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Local gallery brings in new artists

One is a U.S. Navy veteran whose paintings are based in realism. The other is a Virginia native who enjoys repurposing materials — specifically those that were once used in the tobacco production industry — and turning them into works of art.

Meet Jerry Spangler and Jim Adams, the newest arrivals at The Lemonade Art Gallery.


In terms of his art, Spangler is a self-described realist. He enjoys simply painting what he sees on a day-to-day basis — boats, piers, beaches and homes, to name a few of his subjects.

Spangler recently moved to North Carolina after spending nine years in Florida, and all of his life prior to that in Virginia. A self taught-painter who started honing his craft in 1995, the 80-year-old doesn’t plan on stopping anytime soon.

“I’ll do it for as long as I can,” Spangler said

Spangler’s paintings have been displayed at a variety of festivals and shows he’s traveled to throughout the years.

“I was the featured artist at the Norfolk Harbor Fest (in Virginia) in 2008, which means they commissioned me to paint pictures of the tall sailboats that came in,” Spangler recalled. “And then they put it on their T-shirts and their advertising at that time, and that was a real honor.

“Then I was a featured artist at the Daytona Beach Halifax Show,” he added. “The Halifax show is one of the largest shows in Florida. That was a real honor. I’ve done that show for seven years.”
The COVID-19 pandemic took seven shows off of Spangler’s calendar this year, and it has temporarily changed the way he presents his art. He’s used to traveling around to different functions rather than selling his art in a gallery, although Spangler said he is enjoying his break from the physical demands of travelling from show to show.

Spangler frequently explores several different angles when he finds a subject for his paintings.

“I don’t normally do the same painting twice,” Spangler said. “But take a boat, for example. I can paint a boat as it is, and then turn around and paint a picture of the boat’s face, or its other side. It’s the same boat, but just different angles.”


Jim Adams enjoys finding objects and giving them a new life — freshening them up, modifying them in his workshop and putting them together to make works of art.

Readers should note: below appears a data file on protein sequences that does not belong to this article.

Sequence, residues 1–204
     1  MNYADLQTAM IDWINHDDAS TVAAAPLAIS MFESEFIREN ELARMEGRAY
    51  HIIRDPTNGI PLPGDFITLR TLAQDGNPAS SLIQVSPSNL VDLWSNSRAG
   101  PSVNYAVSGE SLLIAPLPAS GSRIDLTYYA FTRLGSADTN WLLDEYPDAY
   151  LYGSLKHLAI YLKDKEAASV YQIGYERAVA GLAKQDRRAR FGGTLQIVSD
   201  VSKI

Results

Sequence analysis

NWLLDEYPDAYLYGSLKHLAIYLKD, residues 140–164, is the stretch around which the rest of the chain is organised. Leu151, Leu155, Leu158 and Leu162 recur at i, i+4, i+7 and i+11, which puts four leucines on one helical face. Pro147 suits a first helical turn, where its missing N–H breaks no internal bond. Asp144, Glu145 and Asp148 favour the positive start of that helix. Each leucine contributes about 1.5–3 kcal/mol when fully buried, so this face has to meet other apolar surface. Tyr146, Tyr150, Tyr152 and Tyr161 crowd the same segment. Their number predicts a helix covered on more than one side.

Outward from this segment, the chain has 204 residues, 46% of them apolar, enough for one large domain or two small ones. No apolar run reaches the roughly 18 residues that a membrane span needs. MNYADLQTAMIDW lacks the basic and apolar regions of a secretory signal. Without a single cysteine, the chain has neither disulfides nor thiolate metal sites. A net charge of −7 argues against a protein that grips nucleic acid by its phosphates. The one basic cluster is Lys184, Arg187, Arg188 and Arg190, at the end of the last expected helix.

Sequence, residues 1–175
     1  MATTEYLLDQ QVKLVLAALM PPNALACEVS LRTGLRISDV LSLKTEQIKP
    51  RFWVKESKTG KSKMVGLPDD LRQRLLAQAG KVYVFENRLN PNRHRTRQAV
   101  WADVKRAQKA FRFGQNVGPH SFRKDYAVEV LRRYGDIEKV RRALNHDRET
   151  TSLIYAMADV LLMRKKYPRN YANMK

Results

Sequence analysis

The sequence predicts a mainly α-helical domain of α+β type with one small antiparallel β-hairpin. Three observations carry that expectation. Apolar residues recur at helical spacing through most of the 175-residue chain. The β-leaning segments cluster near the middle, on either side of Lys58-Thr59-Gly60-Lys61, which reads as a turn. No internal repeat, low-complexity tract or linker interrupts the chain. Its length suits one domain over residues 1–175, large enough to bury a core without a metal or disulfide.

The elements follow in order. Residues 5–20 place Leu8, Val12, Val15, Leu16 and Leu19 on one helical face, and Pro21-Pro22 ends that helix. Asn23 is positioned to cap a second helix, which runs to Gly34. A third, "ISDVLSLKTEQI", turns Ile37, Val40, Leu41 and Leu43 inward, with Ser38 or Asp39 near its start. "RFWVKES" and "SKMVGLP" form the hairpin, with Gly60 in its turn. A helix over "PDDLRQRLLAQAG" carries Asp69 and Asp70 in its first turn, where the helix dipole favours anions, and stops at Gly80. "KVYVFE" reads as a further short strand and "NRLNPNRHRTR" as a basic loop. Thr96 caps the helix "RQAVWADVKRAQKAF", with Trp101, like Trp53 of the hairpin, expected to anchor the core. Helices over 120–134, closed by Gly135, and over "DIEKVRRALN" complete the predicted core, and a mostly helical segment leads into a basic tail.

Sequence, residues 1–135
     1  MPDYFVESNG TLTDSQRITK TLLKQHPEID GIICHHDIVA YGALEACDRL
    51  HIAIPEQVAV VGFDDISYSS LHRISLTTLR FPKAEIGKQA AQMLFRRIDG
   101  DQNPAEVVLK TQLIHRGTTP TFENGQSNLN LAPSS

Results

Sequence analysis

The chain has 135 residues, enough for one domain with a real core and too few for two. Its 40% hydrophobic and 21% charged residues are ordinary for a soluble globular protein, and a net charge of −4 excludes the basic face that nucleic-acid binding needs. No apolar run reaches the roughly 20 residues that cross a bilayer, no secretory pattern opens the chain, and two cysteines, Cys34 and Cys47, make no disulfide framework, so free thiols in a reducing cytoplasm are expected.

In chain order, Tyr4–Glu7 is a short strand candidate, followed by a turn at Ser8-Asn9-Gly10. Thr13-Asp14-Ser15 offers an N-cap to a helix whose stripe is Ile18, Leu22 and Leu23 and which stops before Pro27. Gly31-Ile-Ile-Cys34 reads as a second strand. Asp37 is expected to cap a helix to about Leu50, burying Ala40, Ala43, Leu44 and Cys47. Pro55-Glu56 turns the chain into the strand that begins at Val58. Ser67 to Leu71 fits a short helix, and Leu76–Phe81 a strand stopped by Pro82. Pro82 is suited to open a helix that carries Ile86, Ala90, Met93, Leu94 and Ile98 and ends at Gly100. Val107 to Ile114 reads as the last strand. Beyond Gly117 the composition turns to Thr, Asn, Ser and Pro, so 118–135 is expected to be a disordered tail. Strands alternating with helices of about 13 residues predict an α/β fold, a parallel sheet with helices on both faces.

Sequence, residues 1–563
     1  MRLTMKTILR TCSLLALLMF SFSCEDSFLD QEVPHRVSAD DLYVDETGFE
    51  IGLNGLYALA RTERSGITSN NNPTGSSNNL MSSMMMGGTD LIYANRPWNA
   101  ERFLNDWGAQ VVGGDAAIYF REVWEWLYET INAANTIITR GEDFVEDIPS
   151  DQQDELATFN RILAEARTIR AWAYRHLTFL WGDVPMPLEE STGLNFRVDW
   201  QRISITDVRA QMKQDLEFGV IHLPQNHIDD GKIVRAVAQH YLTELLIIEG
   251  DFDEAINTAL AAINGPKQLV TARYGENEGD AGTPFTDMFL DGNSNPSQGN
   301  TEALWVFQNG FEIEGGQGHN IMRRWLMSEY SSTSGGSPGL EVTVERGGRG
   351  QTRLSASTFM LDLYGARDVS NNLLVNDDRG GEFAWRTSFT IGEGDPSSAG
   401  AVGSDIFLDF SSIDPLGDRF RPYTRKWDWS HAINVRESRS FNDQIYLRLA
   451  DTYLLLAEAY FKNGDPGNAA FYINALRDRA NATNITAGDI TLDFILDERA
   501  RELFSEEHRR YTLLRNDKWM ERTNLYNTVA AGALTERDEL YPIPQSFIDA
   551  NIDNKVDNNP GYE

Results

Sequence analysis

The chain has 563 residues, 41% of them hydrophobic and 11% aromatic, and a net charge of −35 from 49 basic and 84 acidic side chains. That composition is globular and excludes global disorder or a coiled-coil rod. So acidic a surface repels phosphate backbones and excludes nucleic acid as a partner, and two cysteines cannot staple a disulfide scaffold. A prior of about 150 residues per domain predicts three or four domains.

“What I’m doing right now is working with a lot of found objects and up-cycled materials,” Adams said.

In particular, Adams works with tobacco sticks and other materials that were commonly used in the tobacco industry decades ago. Adams takes those materials and crafts them together with metals he forges, including copper, steel and silver.

“A lot of it is sculpture,” Adams said of his artwork. “I would call it abstract, but they have a real narrative because of the history of the tobacco industry in the region, and the correlation with the rivers and the water. So all of those things are on my mind as I’m working with those materials.”

Adams was born in Virginia, but he grew up on a farm in Indiana. His upbringing has always had a major influence on Adams’ artwork, drawing him to farm-related materials and subjects.

“I’ve always been kind of connected to farming and the history of farming and the culture of farming,” Adams said, “so finding materials that are no longer really usable for that industry and repurposing them for artwork, it connects me back to growing up on the farmland and being a part of that.”

Adams has been living in North Carolina since 1998. He credits his studies at Penland School of Craft in Bakersville for helping him develop “a whole new understanding of art and craft.”

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